• 11.
    Liess, Antonia
    et al.
    Umeå University, Faculty of Science and Technology, Department of Ecology and Environmental Sciences.
    Francoeur, Steven N.
    Substratum-Associated Microbiota2011In: Water environment research, ISSN 1061-4303, E-ISSN 1554-7531, Vol. 83, no 10, p. 1704-1732Article in journal (Refereed)
    Abstract [en]

    A review of the literature published in 2010 on topics relating to on the subject of ecology of substratum-associated microbiota (algae, bacteria, and fungi). We also highlighted some of the new methods that can be applied to the study of substratum-associated microbiota and included newly described taxa.

  • 12.
    Liess, Antonia
    et al.
    Umeå University, Faculty of Science and Technology, Department of Ecology and Environmental Sciences.
    Francoeur, Steven N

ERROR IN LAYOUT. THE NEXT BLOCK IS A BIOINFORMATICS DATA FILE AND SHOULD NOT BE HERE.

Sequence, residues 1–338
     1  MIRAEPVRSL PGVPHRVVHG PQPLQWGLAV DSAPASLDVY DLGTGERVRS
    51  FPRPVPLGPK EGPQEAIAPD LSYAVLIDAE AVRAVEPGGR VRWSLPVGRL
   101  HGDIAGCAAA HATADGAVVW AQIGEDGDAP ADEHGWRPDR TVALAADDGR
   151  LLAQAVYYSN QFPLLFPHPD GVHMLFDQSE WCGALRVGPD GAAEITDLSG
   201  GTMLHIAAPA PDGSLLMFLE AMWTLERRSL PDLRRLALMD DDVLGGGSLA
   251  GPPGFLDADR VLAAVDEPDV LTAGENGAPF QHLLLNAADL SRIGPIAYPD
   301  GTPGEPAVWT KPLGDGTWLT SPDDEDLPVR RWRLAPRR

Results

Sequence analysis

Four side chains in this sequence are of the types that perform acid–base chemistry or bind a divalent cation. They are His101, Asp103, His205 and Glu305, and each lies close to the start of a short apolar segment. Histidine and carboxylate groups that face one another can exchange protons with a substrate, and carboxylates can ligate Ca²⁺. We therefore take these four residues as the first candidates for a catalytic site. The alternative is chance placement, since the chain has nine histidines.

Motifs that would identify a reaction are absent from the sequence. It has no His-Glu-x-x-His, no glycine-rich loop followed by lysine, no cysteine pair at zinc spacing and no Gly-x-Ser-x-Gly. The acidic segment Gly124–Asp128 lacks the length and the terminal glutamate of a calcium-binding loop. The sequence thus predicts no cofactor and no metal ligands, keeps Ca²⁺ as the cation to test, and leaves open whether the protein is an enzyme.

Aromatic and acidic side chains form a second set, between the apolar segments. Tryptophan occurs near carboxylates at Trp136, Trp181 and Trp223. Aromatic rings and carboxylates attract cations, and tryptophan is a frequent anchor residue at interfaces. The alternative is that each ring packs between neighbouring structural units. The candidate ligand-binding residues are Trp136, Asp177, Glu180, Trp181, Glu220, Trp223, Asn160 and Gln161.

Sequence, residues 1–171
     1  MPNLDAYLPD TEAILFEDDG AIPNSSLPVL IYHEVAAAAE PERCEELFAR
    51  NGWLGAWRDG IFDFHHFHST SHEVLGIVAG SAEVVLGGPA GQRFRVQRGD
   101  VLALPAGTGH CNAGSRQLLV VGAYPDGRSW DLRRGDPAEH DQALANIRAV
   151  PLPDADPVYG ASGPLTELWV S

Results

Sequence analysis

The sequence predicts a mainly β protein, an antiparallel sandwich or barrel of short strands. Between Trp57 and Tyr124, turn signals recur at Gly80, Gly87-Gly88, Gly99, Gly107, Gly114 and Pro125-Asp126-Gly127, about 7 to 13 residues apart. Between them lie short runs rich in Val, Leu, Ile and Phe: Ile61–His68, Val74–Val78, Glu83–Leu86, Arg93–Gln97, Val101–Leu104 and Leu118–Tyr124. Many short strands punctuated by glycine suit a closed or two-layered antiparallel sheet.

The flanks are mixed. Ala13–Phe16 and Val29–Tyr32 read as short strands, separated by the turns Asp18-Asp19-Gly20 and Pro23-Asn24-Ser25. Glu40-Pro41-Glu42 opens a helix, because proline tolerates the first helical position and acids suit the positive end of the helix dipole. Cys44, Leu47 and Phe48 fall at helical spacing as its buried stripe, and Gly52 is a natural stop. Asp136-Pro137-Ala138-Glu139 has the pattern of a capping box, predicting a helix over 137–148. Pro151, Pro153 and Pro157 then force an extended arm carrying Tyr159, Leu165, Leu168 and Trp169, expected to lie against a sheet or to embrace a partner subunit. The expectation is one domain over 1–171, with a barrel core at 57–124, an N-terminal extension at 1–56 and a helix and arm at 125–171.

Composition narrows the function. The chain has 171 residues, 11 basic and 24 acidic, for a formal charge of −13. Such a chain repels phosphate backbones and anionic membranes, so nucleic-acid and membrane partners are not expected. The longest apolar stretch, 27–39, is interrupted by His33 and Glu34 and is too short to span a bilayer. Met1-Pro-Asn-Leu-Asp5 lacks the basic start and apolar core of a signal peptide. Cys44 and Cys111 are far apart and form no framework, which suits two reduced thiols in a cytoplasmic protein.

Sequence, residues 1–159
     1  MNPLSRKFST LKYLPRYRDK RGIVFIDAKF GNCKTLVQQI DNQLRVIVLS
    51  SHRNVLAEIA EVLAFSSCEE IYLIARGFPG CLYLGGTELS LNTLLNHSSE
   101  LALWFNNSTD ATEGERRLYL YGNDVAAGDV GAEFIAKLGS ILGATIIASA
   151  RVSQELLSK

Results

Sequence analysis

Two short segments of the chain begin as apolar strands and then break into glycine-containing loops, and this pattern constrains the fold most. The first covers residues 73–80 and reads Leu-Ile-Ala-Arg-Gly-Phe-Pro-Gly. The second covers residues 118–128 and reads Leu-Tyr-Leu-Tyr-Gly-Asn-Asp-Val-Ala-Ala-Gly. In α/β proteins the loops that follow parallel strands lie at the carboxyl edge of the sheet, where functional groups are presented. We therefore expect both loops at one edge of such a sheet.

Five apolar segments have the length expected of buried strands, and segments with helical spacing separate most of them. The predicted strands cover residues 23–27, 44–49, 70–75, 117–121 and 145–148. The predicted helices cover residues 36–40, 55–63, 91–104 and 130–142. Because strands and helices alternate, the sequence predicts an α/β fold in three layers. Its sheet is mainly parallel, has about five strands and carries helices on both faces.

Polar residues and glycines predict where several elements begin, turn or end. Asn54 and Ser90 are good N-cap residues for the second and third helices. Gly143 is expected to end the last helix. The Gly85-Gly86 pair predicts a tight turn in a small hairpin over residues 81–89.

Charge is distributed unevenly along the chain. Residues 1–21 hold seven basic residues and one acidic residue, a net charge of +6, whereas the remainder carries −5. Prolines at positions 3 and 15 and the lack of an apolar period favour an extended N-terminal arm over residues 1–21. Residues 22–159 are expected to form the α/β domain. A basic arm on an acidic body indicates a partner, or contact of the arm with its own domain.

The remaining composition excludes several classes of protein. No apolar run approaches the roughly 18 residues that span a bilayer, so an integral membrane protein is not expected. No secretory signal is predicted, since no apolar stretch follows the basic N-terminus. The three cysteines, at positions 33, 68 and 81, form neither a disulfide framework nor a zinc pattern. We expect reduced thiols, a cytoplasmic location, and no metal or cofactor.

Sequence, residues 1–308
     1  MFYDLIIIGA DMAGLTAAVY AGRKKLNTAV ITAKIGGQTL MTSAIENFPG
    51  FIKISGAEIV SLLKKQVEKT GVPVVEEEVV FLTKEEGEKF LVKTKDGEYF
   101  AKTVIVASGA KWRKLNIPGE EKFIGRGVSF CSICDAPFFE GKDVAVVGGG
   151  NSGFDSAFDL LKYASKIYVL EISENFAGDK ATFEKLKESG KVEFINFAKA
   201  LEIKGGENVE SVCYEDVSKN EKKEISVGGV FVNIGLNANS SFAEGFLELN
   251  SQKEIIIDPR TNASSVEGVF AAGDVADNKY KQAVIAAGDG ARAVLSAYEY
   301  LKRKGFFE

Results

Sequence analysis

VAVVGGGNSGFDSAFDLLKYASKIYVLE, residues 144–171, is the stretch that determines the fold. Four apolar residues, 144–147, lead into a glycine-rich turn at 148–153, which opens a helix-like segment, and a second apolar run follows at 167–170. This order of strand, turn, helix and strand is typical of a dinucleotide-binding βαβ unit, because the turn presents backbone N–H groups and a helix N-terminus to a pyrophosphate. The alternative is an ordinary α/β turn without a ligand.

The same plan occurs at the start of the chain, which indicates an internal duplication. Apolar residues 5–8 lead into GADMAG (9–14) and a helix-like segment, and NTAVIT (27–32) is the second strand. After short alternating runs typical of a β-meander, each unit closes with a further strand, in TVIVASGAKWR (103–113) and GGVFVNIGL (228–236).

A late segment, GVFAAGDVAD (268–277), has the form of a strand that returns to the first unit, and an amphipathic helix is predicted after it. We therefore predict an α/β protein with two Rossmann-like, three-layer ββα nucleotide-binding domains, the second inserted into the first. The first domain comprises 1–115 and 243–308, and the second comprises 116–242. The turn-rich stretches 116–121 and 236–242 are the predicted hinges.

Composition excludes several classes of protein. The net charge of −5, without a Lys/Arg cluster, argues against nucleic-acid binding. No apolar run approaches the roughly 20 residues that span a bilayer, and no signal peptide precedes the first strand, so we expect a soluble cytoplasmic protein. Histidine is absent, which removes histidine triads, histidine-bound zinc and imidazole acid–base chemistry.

Substratum-Associated Microbiota2010In: Water environment research, ISSN 1061-4303, E-ISSN 1554-7531, Vol. 82, no 10, p. 1903-1944Article in journal (Refereed)
    Abstract [en]

    A review of the literature published in 2009 on topics relating to on the subject of ecology of substratum-associated microbiota (algae, bacteria, fungi and viruses). We also highlighted some of the new methods that can be applied to the study of substratumassociated microbiota and included newly described taxa.

  • 13.
    Liess, Antonia
    et al.
    Umeå University, Faculty of Science and Technology, Department of Ecology and Environmental Sciences.
    Lange, K
    The snail Potamopyrgus antipodarum grows faster and is more active in the shade, independent of food quality2011In: Oecologia, ISSN 0029-8549, E-ISSN 1432-1939, Vol. 167, no 1, p. 85-96Article in journal (Refereed)
    Abstract [en]